Tiago Splitter wrote:asdfdfdfadfas wrote:Tiago Splitter wrote:asdfdfdfadfas wrote:Based on the numbers of Fedclerk+Biglaw, I'd say you have a 50/50 chance of not getting either of those. Remember that some of those 50% who did get those jobs had connections. So we are talking, without connections, from a statistical standpoint, you have less than a chance of a coin flip of getting Biglaw even if you get T-14.
I think GFox is too optimistic but this goes too far in the other direction.
I was referencing statistically from the class of 2014, I believe. I don't have the numbers right in front of me, but I ran the statistics for T-14 Biglaw+Fed from the spreadsheet and it's around 50%. Granted, obviously you have better odds the better school you go to.
I think it might be higher than 50%, but even if it isn't you have to account for the fact that a meaningful percentage of people don't shoot for biglaw. Outside of maybe GULC (and I guess Michigan maybe can't figure them out) the vast majority of people in the T-14 who want biglaw are getting it.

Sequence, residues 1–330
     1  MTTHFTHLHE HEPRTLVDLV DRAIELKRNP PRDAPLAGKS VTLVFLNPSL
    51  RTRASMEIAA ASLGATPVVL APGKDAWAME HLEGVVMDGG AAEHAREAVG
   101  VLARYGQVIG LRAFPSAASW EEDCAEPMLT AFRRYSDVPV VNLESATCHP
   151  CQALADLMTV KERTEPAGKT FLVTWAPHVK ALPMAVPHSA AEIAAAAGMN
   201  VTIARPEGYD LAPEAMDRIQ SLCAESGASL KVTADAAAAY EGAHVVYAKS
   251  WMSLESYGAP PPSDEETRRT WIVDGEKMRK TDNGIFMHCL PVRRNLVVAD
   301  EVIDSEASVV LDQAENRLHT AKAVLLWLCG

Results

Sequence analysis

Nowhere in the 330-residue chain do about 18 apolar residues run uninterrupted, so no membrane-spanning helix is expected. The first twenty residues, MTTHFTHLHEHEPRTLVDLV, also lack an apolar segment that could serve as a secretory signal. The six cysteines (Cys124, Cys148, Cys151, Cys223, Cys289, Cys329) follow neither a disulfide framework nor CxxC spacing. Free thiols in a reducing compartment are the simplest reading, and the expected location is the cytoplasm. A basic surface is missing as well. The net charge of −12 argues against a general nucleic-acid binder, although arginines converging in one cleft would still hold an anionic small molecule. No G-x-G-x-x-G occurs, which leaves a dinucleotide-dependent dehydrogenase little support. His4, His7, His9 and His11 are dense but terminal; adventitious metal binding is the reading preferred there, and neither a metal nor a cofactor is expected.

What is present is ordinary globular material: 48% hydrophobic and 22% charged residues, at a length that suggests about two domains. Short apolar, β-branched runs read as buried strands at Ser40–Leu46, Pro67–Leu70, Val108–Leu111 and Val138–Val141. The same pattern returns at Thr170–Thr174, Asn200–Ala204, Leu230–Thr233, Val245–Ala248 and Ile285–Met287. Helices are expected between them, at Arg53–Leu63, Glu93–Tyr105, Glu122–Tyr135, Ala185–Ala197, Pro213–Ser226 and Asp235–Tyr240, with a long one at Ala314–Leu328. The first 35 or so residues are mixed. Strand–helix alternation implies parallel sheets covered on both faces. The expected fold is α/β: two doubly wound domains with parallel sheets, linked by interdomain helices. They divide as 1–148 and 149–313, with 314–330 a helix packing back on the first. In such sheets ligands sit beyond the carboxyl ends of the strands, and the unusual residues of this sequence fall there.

Regarding going because you want to be an attorney: no one is just dying to be a biglaw associate. People do it because law schools is a straightforward way to a respectable career and a decent income, but there's nothing really unique about this job that differentiates it from lots of others for people who just want the decent UMC life. It does make sense to go to law school if you really want to be an attorney if you want to do something that can only be done as a lawyer, like be a public defender or prosecutor or judge or something.
You are probably right and maybe I am just being ultra conservative. I do not like the idea of my outcome being based on the generosity of people in biglaw hiring me or I am stuck with 150K+ in debt and looking at 40-50k a year. That is my big dilemma with law school. I don't like taking risks or putting myself in a financial position that may take years to break even.